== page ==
Senators reach bipartisan agreement on Iran oversight bill

Senators wrapped up a deal on a bill that would enable Congress to weigh in on a nuclear agreement with Iran. The White House suggested that under the new revision, the president's veto threat might go away. Meanwhile, Iran's foreign minister announced talks for a final deal will begin in April, and insisted again on lifting sanctions all at once. Judy Woodruff reports.

Read the Full Transcript


    Now: a bipartisan breakthrough to let Congress vote on a final nuclear deal with Iran. A compromise bill won committee approval today 19-0, and a presidential veto threat evaporated.

    News of the compromise came as senators entered a briefing by Secretary of State John Kerry.

    Tennessee Republican Bob Corker chairs the Senate Foreign Relations Committee.

    SEN. BOB CORKER, (R) Tennessee: I believe Congress should play a role in ensuring that all the details that need to be in place are there, and that, on behalf of the American people, before the congressionally- mandated sanctions are lifted, that we on their behalf ensure that this is something that holds Iran accountable, is enforceable, and certainly is very transparent.


    That was echoed by Corker's opposite number on the committee, ranking Democrat Ben Cardin of Maryland.

    SEN. BEN CARDIN, (D) Maryland: I think this is the right way for Congress to be — to take up this issue. I think this is congressional prerogative and we're the ones who imposed the sanctions. We're the ones who are going to have to take it up for permanent changes.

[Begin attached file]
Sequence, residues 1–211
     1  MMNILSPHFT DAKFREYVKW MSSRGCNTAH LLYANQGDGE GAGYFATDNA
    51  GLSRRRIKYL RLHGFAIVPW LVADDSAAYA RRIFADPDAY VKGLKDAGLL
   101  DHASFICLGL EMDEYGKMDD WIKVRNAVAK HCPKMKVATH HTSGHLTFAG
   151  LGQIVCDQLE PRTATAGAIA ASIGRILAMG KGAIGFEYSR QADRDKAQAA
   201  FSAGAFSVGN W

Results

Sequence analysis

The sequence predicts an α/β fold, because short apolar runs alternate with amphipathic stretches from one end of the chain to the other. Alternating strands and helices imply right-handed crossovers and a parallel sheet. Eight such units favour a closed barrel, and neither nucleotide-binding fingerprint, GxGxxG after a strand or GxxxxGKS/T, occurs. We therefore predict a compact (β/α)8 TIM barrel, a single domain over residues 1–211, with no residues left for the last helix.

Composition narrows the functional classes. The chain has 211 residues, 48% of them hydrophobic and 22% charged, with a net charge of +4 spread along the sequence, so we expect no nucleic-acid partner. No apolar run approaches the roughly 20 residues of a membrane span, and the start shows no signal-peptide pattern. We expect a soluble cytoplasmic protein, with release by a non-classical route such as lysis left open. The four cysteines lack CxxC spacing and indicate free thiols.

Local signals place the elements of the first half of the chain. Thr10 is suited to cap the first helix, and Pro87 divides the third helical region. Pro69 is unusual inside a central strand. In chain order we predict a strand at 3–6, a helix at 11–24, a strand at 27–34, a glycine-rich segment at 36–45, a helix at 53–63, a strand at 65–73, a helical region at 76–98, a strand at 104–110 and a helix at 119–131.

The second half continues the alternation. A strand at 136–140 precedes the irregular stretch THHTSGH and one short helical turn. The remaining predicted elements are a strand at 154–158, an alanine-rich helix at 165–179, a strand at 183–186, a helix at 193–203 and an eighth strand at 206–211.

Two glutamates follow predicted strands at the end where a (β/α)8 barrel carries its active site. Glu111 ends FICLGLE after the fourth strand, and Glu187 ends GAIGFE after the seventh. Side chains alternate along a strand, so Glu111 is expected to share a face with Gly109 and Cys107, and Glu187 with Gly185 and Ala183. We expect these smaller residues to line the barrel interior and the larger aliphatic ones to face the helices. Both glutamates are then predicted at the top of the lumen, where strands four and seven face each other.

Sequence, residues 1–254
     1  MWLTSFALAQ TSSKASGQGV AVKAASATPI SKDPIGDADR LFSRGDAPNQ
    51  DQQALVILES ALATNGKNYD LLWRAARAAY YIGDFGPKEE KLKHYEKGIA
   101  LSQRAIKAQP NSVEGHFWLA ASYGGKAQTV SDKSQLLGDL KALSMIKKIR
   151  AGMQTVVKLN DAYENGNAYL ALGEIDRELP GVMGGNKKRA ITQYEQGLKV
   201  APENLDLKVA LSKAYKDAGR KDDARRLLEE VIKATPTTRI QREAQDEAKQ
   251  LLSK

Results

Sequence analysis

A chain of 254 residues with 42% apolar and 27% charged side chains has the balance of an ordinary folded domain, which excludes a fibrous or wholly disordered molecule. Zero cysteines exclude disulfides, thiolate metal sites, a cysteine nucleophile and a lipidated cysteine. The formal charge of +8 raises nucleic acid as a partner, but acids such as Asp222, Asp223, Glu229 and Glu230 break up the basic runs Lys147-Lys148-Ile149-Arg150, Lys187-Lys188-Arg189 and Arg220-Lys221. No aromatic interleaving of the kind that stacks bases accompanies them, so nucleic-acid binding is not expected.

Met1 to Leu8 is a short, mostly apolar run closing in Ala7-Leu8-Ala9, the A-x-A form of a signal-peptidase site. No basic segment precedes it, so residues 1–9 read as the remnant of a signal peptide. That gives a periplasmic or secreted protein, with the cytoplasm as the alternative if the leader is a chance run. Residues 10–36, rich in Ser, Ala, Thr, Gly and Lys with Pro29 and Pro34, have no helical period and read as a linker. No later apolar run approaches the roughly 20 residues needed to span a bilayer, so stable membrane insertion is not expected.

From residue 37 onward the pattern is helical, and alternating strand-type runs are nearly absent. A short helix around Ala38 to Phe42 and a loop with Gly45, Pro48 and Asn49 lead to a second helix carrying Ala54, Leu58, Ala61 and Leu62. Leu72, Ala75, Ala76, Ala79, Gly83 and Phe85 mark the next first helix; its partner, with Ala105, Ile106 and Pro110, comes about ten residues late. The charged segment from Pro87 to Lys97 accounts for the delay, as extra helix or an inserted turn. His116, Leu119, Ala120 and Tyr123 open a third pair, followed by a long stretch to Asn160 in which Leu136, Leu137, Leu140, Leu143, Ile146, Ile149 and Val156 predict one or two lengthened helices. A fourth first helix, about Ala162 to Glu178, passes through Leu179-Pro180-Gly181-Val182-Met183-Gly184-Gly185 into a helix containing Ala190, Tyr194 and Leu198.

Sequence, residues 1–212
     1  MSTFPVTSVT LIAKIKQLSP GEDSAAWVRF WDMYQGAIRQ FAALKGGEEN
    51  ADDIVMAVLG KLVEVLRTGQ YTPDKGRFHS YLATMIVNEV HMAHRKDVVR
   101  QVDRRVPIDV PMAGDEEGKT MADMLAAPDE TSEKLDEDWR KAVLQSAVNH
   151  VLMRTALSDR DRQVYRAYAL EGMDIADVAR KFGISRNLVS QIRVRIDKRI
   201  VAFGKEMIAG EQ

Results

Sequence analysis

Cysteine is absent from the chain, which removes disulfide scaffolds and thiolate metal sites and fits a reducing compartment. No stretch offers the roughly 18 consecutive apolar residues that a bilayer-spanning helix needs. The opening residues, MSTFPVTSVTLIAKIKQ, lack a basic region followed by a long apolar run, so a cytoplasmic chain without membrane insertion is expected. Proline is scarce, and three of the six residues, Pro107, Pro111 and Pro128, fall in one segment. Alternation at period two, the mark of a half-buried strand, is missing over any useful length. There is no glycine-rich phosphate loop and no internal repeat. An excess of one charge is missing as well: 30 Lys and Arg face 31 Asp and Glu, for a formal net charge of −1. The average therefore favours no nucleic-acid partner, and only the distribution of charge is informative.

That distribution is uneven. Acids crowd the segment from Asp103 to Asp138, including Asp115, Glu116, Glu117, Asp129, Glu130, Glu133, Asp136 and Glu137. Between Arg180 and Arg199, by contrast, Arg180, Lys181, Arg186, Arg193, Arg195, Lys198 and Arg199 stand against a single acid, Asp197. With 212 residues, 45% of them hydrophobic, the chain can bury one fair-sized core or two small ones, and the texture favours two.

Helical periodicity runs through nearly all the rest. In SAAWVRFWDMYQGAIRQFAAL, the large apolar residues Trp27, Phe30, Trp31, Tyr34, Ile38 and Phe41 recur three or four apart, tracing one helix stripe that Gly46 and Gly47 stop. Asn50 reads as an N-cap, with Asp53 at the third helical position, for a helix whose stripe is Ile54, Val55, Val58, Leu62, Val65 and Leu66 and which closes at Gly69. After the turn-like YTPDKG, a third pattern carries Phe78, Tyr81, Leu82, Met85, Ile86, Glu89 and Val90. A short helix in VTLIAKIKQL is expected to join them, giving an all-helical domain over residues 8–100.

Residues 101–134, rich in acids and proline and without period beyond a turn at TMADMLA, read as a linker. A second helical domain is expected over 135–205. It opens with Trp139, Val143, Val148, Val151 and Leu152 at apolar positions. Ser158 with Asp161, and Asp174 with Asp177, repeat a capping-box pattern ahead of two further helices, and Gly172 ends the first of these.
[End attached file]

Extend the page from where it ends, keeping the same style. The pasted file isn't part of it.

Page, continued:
Under the compromise, Congress will have 30 days to review a final nuclear deal with Iran. If it disapproves the deal, the president gets 12 days to veto that action. Then, Congress has 10 days to try to override any veto.

    But the congressional review period reverts to 60 days if a final agreement with Iran comes after July 9. That's nine days past the negotiators' deadline. Senate supporters have been working to make sure the measure would garner a veto-proof majority of 67 votes.

    But the White House suggested today a veto is no longer in the cards.

  • JOSH EARNEST, White House Press Secretary:

    We have gone from a piece of legislation that the president would veto to a piece of legislation that's undergone — that's undergone substantial revision, such that it is now in a form of a compromise that the president would be willing to sign.


    That set the stage for this afternoon's unanimous vote in the Foreign Relations Committee, while, in Madrid, Spain:

  • MOHAMMAD JAVAD ZARIF, Foreign Minister, Iran:

    I think we are, in fact, close to an agreement.


    Iran's foreign minister announced talks on the final deal will begin April 21. But he insisted again on lifting economic sanctions all at once, something the U.S. has rejected.


    Whatever happens inside the U.S. and however they want to spin it, all the sanctions, economic and financial sanctions that have been imposed on Iran by the U.N., by the E.U. and by the United States must go in the first stage.


    All of which suggests negotiators still have a way to go before there's any agreement for Congress to review.

Listen to this Segment